Bible Quiz through the eyes of…J Bish

In 1999, with great anticipation I joined my church’s Bible Quiz team. I tried to start slowly, but I was asked to memorize 41 verses for the first quiz – in one month! The Lord helped me work on my verses each day, and I was surprised at the end to be able not only to memorize them but also to quiz out in my very first quiz. That became a mile-stone in my life, the beginning of a path I have never regretted. I quizzed for six years until I graduated, and then I coached for several years after that. Right now I am about to graduate from Seminary, get married, and in the next few years go as a missionary to the Middle East. Looking back, I can honestly say that Bible Quiz has been one of the greatest influences in my life.

In one way it was my sport. I well remember meticulously adjusting my light between questions, leaning forward on the edge of my seat, waiting for the exact second to spring, and then standing poised, quoting in my head and evaluating each possibility as the clock raced. Eagerly, my teammates and I would watch the list of remaining teams in each tournament, wondering how far we could make it. Sometimes we went all the way. I remember that in high school the “Athens Tournament” was my favorite day of the year.

But the quizzing itself was only the fun part: the accountability for something much bigger going on in my life. God changed me through the Bible. I spent time daily (or nightly) memorizing my new verses and reviewing. At school I walked around with bulging pockets full of 3×5 cards with my verses written on them. In 10th grade, when I memorized John, I remember sitting in the living room with Dad as he drilled me. I still have shoe boxes full of piles of verse cards rubber-banded together. After the first couple years I began to review my previous material – I didn’t want to lose it after all that effort! I would quote my chapters in the Pauline epistles while I washed dishes. And I would quote from John in the morning while I showered. I typically spent only 20 to 30 minutes a day (or less) of sit-down-and-study-time on Bible Quiz since I didn’t have time any more than most people. But doing a little each day made a big difference, and it helped me form some wonderful habits that have helped me all the way through college. I think I look back even more fondly on the memorizing than on the quizzing – although I still get itchy to compete at times.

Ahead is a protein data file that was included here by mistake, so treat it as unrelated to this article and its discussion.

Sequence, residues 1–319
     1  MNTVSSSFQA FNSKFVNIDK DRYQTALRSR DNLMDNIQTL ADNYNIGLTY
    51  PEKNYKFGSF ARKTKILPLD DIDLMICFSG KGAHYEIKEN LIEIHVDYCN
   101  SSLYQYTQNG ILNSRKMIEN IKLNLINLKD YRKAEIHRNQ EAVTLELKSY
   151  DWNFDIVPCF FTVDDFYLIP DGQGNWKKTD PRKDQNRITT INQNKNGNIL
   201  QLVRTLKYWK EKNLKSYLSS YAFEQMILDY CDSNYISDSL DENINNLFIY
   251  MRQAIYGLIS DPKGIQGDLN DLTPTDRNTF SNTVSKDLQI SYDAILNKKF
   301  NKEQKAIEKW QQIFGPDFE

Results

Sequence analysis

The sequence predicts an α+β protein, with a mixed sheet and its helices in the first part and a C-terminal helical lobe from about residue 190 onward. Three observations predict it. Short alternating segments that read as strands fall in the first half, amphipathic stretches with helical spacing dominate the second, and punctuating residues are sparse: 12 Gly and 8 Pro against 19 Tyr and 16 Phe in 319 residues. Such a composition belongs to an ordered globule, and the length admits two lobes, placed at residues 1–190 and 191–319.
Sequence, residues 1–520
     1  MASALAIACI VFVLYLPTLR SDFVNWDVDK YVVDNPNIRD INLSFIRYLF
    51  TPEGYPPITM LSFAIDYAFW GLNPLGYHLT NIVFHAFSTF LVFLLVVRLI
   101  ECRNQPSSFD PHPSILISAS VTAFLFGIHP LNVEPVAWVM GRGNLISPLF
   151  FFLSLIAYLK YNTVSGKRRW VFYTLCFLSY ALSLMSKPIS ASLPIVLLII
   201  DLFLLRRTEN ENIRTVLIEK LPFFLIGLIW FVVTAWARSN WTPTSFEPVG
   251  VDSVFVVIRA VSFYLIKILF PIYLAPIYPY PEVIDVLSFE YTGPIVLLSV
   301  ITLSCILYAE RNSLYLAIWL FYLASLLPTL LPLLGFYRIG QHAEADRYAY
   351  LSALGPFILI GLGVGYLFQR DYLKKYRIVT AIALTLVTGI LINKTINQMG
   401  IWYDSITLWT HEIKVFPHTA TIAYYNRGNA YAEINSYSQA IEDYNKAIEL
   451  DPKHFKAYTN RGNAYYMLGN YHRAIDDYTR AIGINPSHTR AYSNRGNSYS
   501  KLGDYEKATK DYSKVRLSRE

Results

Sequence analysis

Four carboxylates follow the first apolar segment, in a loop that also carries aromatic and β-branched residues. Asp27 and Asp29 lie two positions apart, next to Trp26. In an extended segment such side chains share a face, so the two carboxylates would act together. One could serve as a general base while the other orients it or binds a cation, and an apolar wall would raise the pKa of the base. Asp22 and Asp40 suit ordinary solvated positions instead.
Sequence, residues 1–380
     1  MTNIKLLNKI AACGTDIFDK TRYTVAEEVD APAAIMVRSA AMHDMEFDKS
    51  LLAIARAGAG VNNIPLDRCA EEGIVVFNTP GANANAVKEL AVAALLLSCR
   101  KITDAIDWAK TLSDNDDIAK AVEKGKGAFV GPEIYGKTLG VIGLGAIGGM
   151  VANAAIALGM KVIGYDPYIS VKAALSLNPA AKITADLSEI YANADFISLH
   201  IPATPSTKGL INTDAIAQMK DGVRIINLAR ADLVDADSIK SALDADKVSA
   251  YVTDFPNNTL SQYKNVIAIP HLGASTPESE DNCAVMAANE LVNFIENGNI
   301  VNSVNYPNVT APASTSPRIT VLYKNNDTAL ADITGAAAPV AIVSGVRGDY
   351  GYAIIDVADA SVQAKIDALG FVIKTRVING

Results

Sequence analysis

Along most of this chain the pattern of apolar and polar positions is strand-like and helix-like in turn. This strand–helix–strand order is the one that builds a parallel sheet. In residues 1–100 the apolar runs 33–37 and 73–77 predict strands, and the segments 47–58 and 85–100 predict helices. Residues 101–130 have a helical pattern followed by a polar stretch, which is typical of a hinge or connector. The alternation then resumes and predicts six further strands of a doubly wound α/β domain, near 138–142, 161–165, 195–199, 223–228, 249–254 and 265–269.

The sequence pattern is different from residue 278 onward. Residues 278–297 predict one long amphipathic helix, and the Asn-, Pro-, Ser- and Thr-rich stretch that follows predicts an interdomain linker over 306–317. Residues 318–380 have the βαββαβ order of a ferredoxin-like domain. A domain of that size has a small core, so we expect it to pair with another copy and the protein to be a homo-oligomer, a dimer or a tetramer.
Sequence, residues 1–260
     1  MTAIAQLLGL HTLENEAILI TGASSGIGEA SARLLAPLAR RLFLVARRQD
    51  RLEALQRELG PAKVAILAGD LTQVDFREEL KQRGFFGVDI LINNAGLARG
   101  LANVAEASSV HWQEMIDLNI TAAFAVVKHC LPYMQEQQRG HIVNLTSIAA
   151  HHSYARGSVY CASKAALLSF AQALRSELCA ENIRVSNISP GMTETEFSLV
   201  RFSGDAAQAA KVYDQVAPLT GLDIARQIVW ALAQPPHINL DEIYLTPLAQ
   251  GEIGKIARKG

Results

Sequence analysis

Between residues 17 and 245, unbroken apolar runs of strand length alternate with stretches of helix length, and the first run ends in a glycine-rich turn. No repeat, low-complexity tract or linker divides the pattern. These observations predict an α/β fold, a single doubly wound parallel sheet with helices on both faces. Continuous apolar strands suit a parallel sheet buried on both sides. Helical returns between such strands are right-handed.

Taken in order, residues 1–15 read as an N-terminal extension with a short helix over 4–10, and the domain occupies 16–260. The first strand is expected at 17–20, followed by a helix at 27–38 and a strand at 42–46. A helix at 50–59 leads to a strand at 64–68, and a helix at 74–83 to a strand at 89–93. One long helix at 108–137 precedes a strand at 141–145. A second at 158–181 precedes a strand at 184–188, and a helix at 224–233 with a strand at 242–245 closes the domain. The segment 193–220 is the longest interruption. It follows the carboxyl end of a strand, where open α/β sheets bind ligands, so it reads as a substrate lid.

More than anything, however, I appreciate what God did in my heart through His Word. Bible Quiz motivated me and showed me that I could do more with my Bible than I ever realized before. One of my greatest joys is meditating on chapters while I walk around at school, drive my car, or have my devotions. The Bible is not just something I have – now it has me. It is one thing to know a truth, but it is another thing to hear God’s actual words in your mind. The Holy Spirit brings back verses from the epistles and John constantly right at the moment of temptation or when I am sharing God’s message of salvation or encouragement. I have forgotten to some degree many of the chapters I learned, but others have become embedded by constant use. And no one can ever take them away from me.